ngdon – telematic

An online multiplayer world made entirely of emojis. check it out on

^ Gameplay on Windows 10

^ Left: Apple Color Emoji, Right: ASCII

^ Comparison of 4 OS.



I collected the useful emojis in a dictionary and built a system to find and draw them. Since the center and rotation of individual emoji graphics are arbitrary and different on different OS’s, I built a mapping for different OS’s  to rectify them.


Emojis are rendered as text in HTML divs. It turns out that mac Chrome and Safari are bugged in displaying emojis. Emojis cannot be rotated to axis-aligned angles (90°, 180°, 270°, etc), otherwise it will glitch crazily, being scaled to random sizes at frame. Also emojis cannot be scaled above 130 pixels in height, otherwise the emojis will not show up. I made some tricks and hacks so these problems are not visible.

Another problem is that mac Chrome and Safari cannot render emojis very efficiently. If there are many bunches of emojis flying all over the screen, the render loop is going to get very slow. Current solution is to not generate too many items, and delete them as soon as they’re no longer in sight.


I used node.js on to make the server. In my previous networked projects, precise sync was not very crucial, and “fairness” for all the players didn’t have to be enforced. However with this project I had to redesign my data structures multiple times to find the ones that optimizes both speed and fairness. seems to be limiting my resources, so from time to time there can be an outrageous lag (5 sec) in communicating between the server and client. I also tried to setup a server on my MacBook using serveo/ngrok, and the lag is much more consistent.

I also found another solution, which is to get a good noise filter. This time I’m using the One Euro Filter. I knew this filter for a while, but for my previous projects a Lerp is suffice. But for this project, Lerp means that everything will be always behind their actual position, which is quite unacceptable for a game. One Euro Filter turns out to be very magical, and the game no longer look laggy even on glitch.

Game Mechanism

Once you connect to the server, the server will put you into the most populated, yet not-full room. The capacity of a room is currently 4. I was hoping to have infinitely many players in a room, so it will look really cool if there’re many people online. However testing this made the network communication infinitely laggy.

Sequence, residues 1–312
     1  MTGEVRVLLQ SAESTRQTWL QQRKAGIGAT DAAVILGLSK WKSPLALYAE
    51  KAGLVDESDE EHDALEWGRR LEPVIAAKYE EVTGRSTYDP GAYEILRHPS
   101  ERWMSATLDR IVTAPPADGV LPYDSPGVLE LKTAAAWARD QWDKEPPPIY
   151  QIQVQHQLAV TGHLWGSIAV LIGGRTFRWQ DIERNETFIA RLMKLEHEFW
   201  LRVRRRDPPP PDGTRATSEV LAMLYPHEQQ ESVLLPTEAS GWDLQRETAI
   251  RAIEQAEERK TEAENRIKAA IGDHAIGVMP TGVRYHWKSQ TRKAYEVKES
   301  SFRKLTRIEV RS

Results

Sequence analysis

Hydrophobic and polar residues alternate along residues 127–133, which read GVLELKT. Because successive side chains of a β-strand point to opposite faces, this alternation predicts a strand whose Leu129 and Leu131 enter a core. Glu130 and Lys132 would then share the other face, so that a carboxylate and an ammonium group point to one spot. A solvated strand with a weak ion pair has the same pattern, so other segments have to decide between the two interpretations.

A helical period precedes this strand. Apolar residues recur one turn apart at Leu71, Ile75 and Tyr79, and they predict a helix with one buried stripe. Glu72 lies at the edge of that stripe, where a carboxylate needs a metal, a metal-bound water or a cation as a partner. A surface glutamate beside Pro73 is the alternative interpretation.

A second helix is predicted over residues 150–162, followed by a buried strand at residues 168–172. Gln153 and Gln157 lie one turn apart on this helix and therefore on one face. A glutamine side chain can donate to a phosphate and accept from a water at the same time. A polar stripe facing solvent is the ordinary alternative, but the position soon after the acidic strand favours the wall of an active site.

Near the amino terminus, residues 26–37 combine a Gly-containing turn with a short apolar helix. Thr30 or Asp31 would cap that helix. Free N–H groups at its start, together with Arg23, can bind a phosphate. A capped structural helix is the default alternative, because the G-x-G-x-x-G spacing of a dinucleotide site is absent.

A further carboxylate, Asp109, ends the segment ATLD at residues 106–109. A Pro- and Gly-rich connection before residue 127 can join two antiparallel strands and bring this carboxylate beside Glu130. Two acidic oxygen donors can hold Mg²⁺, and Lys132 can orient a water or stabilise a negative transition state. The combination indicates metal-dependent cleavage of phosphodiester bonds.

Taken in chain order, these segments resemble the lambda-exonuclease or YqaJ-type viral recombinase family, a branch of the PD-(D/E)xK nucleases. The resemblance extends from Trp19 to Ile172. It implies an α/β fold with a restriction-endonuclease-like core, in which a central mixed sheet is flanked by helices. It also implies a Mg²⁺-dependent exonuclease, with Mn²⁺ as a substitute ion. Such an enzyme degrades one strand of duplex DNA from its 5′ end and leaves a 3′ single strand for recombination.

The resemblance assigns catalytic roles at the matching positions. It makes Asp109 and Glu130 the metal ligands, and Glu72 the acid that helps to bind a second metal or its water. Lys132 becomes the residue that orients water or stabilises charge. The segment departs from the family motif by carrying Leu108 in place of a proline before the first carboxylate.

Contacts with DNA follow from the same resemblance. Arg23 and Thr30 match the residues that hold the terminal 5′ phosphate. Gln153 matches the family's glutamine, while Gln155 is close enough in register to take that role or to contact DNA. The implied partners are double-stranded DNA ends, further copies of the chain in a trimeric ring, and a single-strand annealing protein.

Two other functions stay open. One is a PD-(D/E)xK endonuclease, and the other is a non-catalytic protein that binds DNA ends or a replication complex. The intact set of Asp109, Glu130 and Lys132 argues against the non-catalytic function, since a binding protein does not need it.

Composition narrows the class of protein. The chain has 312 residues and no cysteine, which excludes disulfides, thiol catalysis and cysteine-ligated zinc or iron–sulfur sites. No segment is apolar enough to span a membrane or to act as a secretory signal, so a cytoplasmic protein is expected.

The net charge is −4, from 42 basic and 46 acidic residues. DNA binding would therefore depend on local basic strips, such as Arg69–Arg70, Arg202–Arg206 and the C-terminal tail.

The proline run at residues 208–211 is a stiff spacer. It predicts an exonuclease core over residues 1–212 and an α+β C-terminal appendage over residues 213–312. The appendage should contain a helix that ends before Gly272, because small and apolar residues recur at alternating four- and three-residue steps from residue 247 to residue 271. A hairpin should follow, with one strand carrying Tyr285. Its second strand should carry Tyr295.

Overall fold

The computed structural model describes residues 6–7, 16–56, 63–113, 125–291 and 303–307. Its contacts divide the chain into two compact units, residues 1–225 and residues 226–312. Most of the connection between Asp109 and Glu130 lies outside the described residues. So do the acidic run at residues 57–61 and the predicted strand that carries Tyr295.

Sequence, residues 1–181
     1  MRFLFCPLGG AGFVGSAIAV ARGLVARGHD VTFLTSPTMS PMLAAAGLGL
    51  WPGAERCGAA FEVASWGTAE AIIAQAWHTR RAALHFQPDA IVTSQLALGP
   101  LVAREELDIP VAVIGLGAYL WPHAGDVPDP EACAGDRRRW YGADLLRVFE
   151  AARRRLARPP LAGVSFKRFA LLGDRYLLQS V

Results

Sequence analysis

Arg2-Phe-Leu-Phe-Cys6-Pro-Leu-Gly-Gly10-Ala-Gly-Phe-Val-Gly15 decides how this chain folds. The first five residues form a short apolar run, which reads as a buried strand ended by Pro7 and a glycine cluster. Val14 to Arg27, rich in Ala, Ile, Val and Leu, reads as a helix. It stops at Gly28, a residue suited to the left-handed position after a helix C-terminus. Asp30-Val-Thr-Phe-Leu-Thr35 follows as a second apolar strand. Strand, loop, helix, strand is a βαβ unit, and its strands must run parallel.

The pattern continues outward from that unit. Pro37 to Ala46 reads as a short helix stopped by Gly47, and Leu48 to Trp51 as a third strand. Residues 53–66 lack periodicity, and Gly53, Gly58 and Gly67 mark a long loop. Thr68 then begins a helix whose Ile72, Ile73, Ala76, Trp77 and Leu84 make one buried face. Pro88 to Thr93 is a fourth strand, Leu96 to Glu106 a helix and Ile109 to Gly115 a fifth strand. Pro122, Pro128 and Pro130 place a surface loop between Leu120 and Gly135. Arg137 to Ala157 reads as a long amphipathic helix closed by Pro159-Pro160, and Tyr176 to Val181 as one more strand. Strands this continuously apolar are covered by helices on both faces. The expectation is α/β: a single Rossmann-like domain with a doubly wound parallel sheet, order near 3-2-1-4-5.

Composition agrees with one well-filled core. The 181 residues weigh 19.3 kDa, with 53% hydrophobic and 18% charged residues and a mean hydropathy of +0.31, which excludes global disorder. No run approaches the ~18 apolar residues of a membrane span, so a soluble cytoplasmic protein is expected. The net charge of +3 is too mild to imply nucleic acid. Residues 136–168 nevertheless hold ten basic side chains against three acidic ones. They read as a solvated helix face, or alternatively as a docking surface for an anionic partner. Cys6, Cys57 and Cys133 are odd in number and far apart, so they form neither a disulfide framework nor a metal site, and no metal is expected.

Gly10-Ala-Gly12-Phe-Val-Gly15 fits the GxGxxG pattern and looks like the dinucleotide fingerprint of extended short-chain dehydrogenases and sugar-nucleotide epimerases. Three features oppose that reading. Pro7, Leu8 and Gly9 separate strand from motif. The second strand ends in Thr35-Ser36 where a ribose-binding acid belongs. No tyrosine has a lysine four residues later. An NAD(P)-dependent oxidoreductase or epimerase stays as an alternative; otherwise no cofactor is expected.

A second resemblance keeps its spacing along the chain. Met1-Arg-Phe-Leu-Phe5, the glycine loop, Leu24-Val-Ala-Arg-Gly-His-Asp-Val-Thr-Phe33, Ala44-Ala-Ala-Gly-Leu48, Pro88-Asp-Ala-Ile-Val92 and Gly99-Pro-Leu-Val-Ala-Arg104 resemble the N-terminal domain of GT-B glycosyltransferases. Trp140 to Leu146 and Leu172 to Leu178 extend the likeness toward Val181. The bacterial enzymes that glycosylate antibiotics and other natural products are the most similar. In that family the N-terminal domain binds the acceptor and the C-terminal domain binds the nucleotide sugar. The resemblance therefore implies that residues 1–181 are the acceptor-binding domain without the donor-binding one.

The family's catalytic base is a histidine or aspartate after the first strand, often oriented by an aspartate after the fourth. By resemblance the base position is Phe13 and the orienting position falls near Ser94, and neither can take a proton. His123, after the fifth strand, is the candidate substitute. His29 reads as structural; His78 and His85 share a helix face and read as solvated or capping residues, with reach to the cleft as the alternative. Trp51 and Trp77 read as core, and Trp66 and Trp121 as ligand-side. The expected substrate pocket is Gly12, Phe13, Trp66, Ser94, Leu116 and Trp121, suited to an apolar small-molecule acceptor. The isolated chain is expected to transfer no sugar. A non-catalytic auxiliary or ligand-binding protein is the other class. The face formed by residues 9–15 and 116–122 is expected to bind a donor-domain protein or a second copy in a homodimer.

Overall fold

When there’re less than 4 human players in a room, bots, which look almost human but can be easily distinguished with their bot “🤖” faces, will join the game to make things more interesting. Once another user want to connect, the bots will self-destruct to make space for human.

The bots have an average IQ, but it is already fun to observe them kill each other while my human character hide in the corner. Watching them I feel that the bots are also having a lot of fun themselves.

Currently players can pickup food and other items on the floor, or hunt small animals passing by for more food. But I have many more ideas that I haven’t got the time to implement.

Platform Specific Looks

Since for different OS’s and browsers the emojis look different, I made a small utility so that I can render the same gameplay video on different devices for comparison. How it works is that I first play it on my mac, and my code writes down the position and so on of all the stuff on the screen for each and every frame. I download the said file, can upload it again to different browsers on different OS’s to render the same play through, but rendered with platform specific emojis.

Currently I’ve rendered on 4 platforms: macOS mojave, windows 10, ubuntu 18, and android. I got access to windows 10 via connecting to virtual andrews in vmware. I have a USB-bootable linux which I plugged into my mac to get the linux recording. Golan lend me a Pixel phone which I used to make the android recording.

Though I’ve made a timer in my code so all the playbacks should be played at exact same speed, each browser seems to have a mind of its own and the resultant 4 videos are still a bit out of sync. Also took me all night to put them together.

You can find the recordings in a 2×2 grid view at the top of this post.


  • Mobile/touch support
  • More type of interactions: drawing stuff with emojis, leaving marks to the landscape, change facial expressions, etc.
  • Tutorial, instructions and other GUI

Let’s Practice: Alexa Music Practice Tool

  1. I made an Alexa skill with Abby Lannan, a Euphonium performance major Graduate student at CMU, where it will help you to practice music in various ways. It allows you to play music with other people’s music recordings or upload your own music. It helps you with music ear training, intonation and rhythm accuracy. This project is pitched to Amazon’s Alexa Day as a future Alexa project.

It tracks users’ practice progress and helps them achieve their practice goals. It synthesizes sounds on a cloud server based on voice commands.

Basic Functions:

Skill Development: It has a metronome and drone that offer a variety of sounds. It also allows users to upload recordings to play music with each other.

Tutoring: It has ear training game that teaches music theory.

Record Keeping: It saves user info on cloud database and allows them to track longterm practice progress.

A detailed slides is attached here:

2. Also, I attempted to make an Alexa skill that sends you an email of a pdf of pictures that ‘will make you happy.’ First of all, you tells Alexa what makes you feel happy/grateful. Then, she sends you a pdf to remind you the happy things in the world. The results look pretty like trash.

[hands, anime, butt, beach]

[spagetti, good weather, chris johanson, music]